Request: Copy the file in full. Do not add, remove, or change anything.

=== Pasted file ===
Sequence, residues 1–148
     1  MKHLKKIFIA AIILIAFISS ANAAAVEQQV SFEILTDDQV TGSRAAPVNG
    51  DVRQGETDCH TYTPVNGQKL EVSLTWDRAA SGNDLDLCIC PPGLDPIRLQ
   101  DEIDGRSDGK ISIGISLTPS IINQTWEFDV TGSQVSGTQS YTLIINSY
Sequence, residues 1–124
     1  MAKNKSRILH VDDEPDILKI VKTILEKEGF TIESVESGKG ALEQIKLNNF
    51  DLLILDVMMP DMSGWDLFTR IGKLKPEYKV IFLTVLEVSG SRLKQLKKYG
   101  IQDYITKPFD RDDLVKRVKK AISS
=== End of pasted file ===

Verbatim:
Sequence, residues 1–148
     1  MKHLKKIFIA AIILIAFISS ANAAAVEQQV SFEILTDDQV TGSRAAPVNG
    51  DVRQGETDCH TYTPVNGQKL EVSLTWDRAA SGNDLDLCIC PPGLDPIRLQ
   101  DEIDGRSDGK ISIGISLTPS IINQTWEFDV TGSQVSGTQS YTLIINSY
Sequence, residues 1–124
     1  MAKNKSRILH VDDEPDILKI VKTILEKEGF TIESVESGKG ALEQIKLNNF
    51  DLLILDVMMP DMSGWDLFTR IGKLKPEYKV IFLTVLEVSG SRLKQLKKYG
   101  IQDYITKPFD RDDLVKRVKK AISS